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Card Walker, Disney Leader, Dead at 89

December 08, 2005|By Jane Napier Neely

Members of the community were saddened to learn of the death of longtime La Cañadan Cardon "Card" Walker who led The Walt Disney Company for 15 years after the death of Walt Disney and that of his brother and co-founder Roy O. Disney. Walker died peacefully in his sleep at his La Canada Flintridge home on Nov. 29 at the age of 89 of congestive heart failure.

Not only did Walker leave his signature throughout the world as a Disney leader but also in the foothill area with his involvement as one of the founding board members of Verdugo Hills Hospital. He remained committed and active in support of the hospital as a board member for nearly 20 years.

Although Walker was not a board member of Hillsides School, he was a loyal supporter and very generous.

"Card and his wife Winnie were such warm and giving people, said Bob Frank, director of the school. "Our school wouldn't be what it is today without their financial gifts and generosity. Card was one of the most kind men I have ever known."

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For over 30 years, Walker was on the board of directors of Flintridge Prep School in La Canada. Once again his generosity and support of the school was magnanimous.

"Winnie and Card were wonderfully generous to our school," said Peter Bachman, headmaster of Flintridge Preparatory School. "Card was also a wonderful personal mentor to me, so kind, generous and giving of resources and personal time.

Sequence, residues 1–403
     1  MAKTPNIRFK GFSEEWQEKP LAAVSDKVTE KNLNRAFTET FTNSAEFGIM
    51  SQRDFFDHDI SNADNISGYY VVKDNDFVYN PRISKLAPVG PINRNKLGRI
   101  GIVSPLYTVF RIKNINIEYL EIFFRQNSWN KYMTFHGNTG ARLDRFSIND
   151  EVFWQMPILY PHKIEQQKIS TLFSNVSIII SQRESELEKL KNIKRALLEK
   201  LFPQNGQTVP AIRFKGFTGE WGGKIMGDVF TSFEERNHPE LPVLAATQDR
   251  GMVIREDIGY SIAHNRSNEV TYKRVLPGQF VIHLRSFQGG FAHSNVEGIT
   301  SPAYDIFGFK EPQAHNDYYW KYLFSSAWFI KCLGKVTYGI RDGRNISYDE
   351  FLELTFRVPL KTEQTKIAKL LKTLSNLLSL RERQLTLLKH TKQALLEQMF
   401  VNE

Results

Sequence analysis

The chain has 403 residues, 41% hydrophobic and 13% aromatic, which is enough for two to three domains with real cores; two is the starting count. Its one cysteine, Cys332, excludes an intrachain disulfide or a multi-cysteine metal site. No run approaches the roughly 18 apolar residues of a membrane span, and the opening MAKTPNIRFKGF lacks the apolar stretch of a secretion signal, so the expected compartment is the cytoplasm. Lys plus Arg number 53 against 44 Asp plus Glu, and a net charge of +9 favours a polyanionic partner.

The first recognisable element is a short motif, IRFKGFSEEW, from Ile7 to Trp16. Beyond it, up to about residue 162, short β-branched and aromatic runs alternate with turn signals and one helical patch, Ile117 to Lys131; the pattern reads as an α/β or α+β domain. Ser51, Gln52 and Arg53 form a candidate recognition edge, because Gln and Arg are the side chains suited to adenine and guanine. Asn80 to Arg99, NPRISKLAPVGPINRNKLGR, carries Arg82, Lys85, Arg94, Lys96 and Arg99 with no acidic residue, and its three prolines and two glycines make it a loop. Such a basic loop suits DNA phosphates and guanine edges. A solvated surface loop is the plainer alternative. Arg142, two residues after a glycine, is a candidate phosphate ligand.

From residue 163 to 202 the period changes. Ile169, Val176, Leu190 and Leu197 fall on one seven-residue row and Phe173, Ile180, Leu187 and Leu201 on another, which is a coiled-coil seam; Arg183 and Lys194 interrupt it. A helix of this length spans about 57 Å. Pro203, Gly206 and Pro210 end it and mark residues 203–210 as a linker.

"His leadership on the board was pivotal to the growth of our school. Card was a man of fierce integrity and commitment to excellence. He was a very great man and we honored both Card and Winnie in 2004 with the school's Master's Circle award.

Walker's 45-year career with Disney began after his graduation from UCLA. His first job at the company he would later lead began in the mailroom in 1938.

In the 1950s and '60s, Walker worked closely with the Disney brothers on a wide range of Disney projects; including the development of the Disneyland attractions It's a Small World, Great Moments with Mr. Lincoln, Pirates of the Caribbean, the Haunted Mansion and the animated features "101 Dalmatians" and "The Jungle Book."

Walker helped lead the company through the transition after the death of Walt Disney in 1966. As a board member from 1960 until 1983, he was instrumental in helping to expand the company's theme parks, including the purchase and development of 28,000 acres in central Florida that later became Walt Disney World.

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